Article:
6 Then Jesus went with them to a place called Gethsemane, and he said to his disciples, “Sit here, while I go over there and pray.” 37 And taking with him Peter and the two sons of Zebedee, he began to be sorrowful and troubled. 38 Then he said to them, “My soul is very sorrowful, even to death; remain here, and watch with me.” 39 And going a little farther he fell on his face and prayed, saying, “My Father, if it be possible, let this cup pass from me; nevertheless, not as I will, but as you will.” 40 And he came to the disciples and found them sleeping. And he said to Peter, “So, could you not watch with me one hour? 41 Watch and pray that you may not enter into temptation. The spirit indeed is willing, but the flesh is weak.”42 Again, for the second time, he went away and prayed, “My Father, if this cannot pass unless I drink it, your will be done.” 43 And again he came and found them sleeping, for their eyes were heavy. 44 So, leaving them again, he went away and prayed for the third time, saying the same words again. 45 Then he came to the disciples and said to them, “Sleep and take your rest later on. See, the hour is at hand, and the Son of Man is betrayed into the hands of sinners. 46 Rise, let us be going; see, my betrayer is at hand.”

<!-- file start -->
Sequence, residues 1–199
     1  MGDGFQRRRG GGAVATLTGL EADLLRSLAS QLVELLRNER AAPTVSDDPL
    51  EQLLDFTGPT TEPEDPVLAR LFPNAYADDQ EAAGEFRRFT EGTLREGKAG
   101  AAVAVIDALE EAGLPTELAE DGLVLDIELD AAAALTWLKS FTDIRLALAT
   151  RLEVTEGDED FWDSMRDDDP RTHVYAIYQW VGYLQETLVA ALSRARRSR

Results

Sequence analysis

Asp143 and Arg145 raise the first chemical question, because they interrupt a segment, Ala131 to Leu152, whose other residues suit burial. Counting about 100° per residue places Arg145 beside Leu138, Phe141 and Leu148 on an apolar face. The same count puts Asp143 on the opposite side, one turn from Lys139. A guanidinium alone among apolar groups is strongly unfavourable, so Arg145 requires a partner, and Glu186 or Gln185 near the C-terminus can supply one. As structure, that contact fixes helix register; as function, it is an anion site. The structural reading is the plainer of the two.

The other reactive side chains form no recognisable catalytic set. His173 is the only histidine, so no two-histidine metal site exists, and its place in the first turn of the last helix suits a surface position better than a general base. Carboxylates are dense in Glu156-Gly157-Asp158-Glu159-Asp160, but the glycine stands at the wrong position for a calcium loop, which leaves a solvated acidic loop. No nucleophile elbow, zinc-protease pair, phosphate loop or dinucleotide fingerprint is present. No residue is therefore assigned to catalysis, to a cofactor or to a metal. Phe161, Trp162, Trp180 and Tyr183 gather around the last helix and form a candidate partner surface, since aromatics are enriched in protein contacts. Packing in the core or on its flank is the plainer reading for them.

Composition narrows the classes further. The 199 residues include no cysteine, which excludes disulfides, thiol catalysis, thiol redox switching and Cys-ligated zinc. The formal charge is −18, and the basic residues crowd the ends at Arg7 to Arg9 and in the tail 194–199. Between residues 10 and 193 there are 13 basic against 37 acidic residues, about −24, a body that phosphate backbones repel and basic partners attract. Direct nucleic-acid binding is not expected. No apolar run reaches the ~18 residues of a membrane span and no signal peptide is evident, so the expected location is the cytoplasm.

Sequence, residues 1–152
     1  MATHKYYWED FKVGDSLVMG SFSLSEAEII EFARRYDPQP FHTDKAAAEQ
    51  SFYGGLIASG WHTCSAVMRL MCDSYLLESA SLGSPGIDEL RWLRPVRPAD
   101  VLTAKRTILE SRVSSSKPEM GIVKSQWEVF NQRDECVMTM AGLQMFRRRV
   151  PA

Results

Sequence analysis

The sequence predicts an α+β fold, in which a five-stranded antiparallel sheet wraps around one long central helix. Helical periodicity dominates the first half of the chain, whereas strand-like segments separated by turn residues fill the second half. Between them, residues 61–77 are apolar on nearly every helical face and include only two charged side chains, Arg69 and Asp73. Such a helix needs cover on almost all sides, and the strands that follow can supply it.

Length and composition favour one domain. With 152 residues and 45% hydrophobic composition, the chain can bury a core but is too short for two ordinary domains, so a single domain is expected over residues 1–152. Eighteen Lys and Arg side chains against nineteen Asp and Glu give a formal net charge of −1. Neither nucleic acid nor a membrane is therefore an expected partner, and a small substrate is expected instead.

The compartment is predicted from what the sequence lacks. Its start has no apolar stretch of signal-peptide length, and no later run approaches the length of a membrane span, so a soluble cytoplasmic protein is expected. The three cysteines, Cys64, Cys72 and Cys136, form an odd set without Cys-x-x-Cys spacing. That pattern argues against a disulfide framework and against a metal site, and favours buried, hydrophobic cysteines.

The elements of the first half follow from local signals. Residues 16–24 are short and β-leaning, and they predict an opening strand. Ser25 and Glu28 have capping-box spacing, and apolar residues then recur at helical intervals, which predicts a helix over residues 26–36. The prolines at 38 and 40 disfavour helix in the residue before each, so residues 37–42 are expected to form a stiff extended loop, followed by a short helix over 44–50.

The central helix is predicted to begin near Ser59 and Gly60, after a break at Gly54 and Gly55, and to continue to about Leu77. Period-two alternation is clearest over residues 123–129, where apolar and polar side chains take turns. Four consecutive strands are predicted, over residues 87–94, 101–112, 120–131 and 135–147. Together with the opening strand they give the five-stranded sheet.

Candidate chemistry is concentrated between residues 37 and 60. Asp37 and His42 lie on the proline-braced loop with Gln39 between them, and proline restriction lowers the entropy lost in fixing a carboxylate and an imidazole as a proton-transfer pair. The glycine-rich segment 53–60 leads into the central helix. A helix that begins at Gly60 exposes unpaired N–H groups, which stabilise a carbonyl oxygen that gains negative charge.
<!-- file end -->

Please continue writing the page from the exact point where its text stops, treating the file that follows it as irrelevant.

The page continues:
One of the most fascinating places to visit in Jerusalem today is the garden of Gethsemane. There are trees there that date back to the time of Jesus- they bear witness to one of the most important events in Christianity- the temptation in the garden.
Olive trees have significance.
What we learn from Gethsemane:
1. When pressure comes into our lives we are to focus on eternal realities
The Bible says Jesus experienced excruciating emotions while in the garden. He asked his disciples to stay with him and pray with him. He was feeling the weight of the universe in those moments. He knew what he had to do and the eternal significance of it; in his humanity he wished the cup could be removed from him, but in his divine nature he was determined to carry it through. The weight of those two opposing pressures bore down on his heart relentlessly.